Edmonton

Edmonton photo radar peace officer fired after being filmed sleeping on the job

An Edmonton Peace Officer is off the job two months after a complaint was filed against her for allegedly falling asleep while conducting photo radar.

City says firing was unrelated to sleeping complaint

Jack Shultz filmed a peace officer operating photo radar allegedly sleeping on the job. (Jack Shultz/YouTube)

An Edmonton peace officer is off the job two months after a complaint was filed against her for allegedly falling asleep while conducting photo radar.

But in an investigation report, the city said she was removed from her role as a peace officer "for reasons which are unrelated to this code of conduct complaint."

I drove past her and she was sleeping.- Jack Shultz, Edmonton Cash Cows

Jack Shultz, founder of anti-photo radar group Edmonton Cash Cows, filed the complaint with the city.

Shultz said he was tipped off about a photo radar operator asleep in their truck near 159th Street and 104th Avenue in October last year. 

After receiving the tip, he got in his car went to the school zone he was told the truck was parked in.

"I drove past her and she was sleeping so what I did is I went around and parked across from her … and then I watched her for a period of about five minutes and in those five minutes I'd seen absolutely no body movement," Shultz said. 

Shultz filmed as he approached the peace officer's truck, banged on the window, startled her, and spoke to her.

"I told her what she's doing by sleeping in a school zone is wrong and she shouldn't be doing it," Shultz said.

Shultz filed an official complaint with the City of Edmonton after that and said he gave an official statement and sent the video of the peace officer allegedly sleeping.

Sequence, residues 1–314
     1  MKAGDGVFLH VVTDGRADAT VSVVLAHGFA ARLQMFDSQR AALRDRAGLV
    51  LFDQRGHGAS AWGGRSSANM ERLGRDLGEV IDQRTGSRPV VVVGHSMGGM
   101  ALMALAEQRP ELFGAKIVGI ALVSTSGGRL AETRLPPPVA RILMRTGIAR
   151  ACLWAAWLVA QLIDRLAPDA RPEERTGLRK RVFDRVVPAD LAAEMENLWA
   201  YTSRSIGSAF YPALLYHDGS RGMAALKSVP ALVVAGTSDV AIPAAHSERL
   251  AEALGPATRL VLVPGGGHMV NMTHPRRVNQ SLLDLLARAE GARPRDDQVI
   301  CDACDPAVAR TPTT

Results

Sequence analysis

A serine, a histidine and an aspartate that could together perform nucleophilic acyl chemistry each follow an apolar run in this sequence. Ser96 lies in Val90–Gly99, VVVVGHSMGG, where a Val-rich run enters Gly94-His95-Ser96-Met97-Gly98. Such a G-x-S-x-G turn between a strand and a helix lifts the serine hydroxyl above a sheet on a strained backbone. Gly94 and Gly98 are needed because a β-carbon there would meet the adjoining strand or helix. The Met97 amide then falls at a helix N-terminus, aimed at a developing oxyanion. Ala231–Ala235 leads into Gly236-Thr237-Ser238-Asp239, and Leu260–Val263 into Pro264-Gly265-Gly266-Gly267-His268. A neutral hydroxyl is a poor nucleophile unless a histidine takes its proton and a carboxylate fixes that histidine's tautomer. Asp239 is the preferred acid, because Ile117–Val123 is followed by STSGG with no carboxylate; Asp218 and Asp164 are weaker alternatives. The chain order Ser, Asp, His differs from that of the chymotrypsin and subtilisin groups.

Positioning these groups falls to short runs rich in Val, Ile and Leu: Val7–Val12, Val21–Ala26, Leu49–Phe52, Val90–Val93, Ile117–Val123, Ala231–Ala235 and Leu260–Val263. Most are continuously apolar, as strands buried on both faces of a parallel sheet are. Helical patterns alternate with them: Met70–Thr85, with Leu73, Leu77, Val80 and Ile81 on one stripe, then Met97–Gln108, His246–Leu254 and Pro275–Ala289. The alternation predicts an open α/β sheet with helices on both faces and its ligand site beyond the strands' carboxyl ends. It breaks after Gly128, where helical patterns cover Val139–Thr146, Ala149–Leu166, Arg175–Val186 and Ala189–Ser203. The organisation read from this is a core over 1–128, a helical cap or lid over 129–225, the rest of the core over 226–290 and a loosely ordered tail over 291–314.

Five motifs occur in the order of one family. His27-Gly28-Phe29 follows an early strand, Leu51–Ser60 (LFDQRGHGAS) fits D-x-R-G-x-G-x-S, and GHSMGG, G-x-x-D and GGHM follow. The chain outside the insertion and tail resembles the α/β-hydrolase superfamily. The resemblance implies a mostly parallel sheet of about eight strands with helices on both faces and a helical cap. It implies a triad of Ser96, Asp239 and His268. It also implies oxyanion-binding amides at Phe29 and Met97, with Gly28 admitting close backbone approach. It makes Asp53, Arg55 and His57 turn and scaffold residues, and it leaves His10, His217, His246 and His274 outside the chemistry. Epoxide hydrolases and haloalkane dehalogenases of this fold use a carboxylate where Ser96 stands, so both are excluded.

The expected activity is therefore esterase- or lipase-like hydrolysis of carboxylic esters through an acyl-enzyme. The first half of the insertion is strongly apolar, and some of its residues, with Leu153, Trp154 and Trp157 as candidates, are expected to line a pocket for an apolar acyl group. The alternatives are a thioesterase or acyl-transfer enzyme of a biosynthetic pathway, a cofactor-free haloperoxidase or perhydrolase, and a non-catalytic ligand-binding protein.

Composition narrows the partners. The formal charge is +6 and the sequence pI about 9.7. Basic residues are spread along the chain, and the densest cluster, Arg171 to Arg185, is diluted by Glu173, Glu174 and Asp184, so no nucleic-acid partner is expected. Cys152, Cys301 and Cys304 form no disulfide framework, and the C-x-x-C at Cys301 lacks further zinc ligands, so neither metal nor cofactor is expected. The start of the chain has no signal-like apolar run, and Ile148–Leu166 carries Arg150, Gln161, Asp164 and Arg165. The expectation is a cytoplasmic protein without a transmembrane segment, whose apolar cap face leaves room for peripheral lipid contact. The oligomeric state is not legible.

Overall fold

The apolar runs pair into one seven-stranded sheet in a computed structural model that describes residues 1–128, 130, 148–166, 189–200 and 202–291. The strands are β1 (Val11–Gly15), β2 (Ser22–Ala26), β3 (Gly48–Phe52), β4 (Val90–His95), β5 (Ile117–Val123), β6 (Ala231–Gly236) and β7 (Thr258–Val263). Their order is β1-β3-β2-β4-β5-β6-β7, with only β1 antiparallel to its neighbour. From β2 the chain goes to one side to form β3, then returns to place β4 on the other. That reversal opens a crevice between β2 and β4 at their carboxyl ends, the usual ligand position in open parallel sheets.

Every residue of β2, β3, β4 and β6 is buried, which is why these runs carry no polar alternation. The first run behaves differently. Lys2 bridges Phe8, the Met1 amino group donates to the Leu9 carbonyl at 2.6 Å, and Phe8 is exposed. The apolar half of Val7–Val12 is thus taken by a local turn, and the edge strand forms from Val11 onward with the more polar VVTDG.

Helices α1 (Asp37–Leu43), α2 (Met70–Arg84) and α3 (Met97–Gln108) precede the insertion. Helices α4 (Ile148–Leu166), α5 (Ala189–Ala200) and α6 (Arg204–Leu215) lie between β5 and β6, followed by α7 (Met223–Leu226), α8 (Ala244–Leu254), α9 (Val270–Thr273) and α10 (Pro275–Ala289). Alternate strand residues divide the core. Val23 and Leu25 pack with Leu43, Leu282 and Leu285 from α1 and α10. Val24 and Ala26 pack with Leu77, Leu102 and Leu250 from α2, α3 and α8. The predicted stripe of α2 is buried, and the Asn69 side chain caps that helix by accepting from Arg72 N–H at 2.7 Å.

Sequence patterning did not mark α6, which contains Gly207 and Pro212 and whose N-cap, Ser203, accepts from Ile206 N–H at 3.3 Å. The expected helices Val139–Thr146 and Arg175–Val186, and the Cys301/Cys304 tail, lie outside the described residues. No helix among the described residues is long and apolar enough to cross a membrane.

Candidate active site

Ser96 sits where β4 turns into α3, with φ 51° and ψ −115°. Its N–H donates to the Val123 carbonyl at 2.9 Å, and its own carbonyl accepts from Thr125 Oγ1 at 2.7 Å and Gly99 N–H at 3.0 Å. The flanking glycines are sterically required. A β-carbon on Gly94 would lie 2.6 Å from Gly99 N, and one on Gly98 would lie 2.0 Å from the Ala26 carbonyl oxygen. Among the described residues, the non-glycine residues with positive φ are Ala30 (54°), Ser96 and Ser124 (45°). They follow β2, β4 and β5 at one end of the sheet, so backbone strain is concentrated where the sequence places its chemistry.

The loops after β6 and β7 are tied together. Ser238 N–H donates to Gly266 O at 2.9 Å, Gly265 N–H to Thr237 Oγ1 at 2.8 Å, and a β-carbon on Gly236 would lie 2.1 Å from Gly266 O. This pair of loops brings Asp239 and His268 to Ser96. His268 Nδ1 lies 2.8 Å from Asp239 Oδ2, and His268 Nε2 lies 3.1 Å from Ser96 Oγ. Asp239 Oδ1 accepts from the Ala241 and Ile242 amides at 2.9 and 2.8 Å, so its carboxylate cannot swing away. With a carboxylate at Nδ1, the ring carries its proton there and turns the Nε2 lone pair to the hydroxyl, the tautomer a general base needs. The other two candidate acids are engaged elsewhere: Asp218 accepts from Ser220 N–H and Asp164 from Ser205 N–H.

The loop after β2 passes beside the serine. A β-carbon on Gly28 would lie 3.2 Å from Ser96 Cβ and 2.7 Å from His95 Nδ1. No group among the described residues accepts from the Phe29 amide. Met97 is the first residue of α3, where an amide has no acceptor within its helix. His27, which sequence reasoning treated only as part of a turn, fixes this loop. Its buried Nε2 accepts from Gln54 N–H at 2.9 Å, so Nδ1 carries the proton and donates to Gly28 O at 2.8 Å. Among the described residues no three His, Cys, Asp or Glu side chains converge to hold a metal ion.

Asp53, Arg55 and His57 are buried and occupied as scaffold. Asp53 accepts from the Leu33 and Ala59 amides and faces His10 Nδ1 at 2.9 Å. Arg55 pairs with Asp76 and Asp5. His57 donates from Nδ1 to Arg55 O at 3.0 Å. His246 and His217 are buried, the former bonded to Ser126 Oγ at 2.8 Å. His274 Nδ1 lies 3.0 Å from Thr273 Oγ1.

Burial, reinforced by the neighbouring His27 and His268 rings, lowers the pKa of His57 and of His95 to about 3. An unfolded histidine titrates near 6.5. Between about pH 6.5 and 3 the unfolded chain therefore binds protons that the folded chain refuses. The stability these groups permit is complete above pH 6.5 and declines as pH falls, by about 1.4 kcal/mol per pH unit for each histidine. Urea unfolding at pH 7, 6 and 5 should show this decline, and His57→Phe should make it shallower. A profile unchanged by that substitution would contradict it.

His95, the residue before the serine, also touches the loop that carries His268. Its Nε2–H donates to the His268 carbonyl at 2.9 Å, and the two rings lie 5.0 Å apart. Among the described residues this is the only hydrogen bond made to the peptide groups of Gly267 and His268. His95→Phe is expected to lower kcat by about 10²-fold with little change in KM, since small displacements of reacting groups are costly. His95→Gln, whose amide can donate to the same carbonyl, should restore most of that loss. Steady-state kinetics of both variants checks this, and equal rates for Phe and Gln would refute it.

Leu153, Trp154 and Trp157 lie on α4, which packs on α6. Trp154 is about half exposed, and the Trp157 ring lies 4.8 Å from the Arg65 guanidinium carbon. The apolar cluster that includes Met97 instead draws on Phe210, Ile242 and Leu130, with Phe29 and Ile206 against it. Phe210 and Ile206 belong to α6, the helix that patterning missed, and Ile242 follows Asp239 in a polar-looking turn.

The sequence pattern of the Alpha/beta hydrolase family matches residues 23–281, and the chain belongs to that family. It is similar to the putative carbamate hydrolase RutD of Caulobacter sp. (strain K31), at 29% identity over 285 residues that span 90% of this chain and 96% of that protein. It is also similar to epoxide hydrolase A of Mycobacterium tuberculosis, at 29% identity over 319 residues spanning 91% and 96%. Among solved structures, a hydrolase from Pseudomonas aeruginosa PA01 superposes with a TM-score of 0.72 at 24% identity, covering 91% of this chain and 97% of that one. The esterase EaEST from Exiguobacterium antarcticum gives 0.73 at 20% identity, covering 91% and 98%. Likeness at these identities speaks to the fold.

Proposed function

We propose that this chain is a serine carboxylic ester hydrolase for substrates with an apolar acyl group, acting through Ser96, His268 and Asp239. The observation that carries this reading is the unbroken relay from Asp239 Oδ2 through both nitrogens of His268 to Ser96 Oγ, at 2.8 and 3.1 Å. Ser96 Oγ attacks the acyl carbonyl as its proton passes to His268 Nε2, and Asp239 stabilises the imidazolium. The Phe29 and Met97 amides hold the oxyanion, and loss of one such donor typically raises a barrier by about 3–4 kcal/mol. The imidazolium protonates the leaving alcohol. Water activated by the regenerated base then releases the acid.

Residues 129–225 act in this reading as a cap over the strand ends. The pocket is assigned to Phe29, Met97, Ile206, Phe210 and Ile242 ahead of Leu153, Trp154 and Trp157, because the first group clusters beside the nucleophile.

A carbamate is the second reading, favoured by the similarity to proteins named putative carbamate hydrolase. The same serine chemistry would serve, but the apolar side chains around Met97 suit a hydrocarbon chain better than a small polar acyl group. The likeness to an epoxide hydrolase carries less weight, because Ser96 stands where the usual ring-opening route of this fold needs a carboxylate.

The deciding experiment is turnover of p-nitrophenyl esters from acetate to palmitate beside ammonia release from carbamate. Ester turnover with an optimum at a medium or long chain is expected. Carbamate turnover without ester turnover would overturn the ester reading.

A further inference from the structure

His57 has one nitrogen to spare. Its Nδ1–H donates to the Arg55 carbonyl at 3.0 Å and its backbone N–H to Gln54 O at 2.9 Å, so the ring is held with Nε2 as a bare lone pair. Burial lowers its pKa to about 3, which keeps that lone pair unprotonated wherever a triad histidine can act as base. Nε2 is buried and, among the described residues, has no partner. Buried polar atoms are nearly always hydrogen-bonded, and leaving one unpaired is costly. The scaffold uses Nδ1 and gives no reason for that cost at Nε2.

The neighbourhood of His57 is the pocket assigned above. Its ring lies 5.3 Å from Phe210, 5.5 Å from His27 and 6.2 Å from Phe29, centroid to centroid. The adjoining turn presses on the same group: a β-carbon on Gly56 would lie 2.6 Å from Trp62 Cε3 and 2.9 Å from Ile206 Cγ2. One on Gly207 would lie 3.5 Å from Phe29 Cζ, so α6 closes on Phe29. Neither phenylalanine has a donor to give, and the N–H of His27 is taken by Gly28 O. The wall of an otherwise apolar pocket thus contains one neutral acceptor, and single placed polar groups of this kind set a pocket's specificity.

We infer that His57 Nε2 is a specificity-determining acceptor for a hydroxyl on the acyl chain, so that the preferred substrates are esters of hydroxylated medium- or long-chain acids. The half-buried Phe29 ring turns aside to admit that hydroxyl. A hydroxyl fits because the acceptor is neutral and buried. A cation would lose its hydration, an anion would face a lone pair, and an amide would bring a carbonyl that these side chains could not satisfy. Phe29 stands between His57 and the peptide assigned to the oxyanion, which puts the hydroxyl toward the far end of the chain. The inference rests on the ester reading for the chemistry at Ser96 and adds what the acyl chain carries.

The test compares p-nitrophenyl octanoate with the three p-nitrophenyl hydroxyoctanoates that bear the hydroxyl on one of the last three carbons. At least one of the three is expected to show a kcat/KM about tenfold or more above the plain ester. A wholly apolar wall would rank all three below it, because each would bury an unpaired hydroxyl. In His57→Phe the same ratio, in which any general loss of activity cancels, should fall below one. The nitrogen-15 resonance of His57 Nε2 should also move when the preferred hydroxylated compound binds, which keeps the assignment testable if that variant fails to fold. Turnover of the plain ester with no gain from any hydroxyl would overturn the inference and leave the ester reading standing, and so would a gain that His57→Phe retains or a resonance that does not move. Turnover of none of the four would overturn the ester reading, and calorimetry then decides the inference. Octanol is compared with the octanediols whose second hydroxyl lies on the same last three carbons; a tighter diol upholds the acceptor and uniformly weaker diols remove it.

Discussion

The investigation concluded on Dec. 27, 2019, and the peace officer was removed from her position. Shultz said the city sent him a letter to explain their findings from the investigation.

"The operator stated that her eyes were open and that she had not been sleeping prior to you confronting her," the letter read.

In a statement to CBC News, the city said, "the peace officer was found to be failing to make adequate observations relating to the movement of traffic at their enforcement site."

The city added that no tickets were given out by the peace officer on Oct. 17, 2019, the date she was filmed by Shultz allegedly sleeping on the job. 

In the letter sent to Shultz, the city said the peace officer was removed from her assignment at City of Edmonton Traffic Safety for reasons unrelated to Shultz's code of conduct complaint.

The city would not say whether the allegations against the peace officer had any bearing on the decision to terminate her employment. 

"It's good that she was kind of held accountable," Shultz said.

However Shultz said he wants all tickets issued by the peace officer during the two months of the investigation to be considered null and void, and he doesn't plan to drop his concerns around photo radar ticketing anytime soon.

"After Oct. 17, processes were established to confirm that this peace officer was actively monitoring traffic when working subsequent shifts. Therefore, tickets issued after Oct. 17 are confirmed to be valid, issued and mailed to drivers," the city spokesperson said in a statement.

Shultz said since sharing his story over the last few days, more people have come forward to him from around Alberta about photo radar operators asleep at the wheel.

"They can't have this happening; this is unacceptable," Shultz said.